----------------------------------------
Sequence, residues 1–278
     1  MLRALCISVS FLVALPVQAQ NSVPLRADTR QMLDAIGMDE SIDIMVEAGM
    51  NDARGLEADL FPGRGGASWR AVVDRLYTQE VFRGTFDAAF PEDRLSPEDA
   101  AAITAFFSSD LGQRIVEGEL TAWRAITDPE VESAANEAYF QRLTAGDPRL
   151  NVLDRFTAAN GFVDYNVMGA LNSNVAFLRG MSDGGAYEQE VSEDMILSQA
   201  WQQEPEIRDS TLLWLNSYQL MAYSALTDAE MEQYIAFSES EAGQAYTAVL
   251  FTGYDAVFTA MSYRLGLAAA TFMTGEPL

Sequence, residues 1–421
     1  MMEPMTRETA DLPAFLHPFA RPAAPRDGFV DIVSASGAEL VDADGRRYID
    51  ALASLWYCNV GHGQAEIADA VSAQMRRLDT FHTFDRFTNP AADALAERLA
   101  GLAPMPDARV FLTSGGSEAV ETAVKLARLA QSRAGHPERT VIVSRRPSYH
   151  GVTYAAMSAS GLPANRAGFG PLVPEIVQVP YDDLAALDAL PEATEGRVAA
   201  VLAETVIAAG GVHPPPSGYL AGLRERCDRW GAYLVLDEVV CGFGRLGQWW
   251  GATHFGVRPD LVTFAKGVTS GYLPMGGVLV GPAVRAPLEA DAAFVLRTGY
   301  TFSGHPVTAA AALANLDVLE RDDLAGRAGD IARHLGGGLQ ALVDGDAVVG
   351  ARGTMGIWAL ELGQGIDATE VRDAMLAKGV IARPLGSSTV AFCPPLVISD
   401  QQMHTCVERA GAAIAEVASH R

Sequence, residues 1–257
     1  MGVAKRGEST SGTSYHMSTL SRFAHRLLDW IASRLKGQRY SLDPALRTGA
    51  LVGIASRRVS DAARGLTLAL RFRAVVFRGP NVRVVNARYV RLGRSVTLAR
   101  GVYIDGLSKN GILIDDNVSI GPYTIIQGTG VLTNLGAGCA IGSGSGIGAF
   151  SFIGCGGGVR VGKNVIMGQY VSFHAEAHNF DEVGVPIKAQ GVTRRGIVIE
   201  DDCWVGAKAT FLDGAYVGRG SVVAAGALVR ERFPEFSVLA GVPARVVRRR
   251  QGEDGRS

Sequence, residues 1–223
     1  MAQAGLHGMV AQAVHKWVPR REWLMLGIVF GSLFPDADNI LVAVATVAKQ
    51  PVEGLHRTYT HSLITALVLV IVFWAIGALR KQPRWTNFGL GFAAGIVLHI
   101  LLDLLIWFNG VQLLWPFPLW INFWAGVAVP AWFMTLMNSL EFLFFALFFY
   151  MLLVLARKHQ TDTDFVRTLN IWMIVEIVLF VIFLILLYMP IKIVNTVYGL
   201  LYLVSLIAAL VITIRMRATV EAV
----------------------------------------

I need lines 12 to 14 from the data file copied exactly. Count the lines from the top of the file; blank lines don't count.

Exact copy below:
   151  GVTYAAMSAS GLPANRAGFG PLVPEIVQVP YDDLAALDAL PEATEGRVAA
   201  VLAETVIAAG GVHPPPSGYL AGLRERCDRW GAYLVLDEVV CGFGRLGQWW
   251  GATHFGVRPD LVTFAKGVTS GYLPMGGVLV GPAVRAPLEA DAAFVLRTGY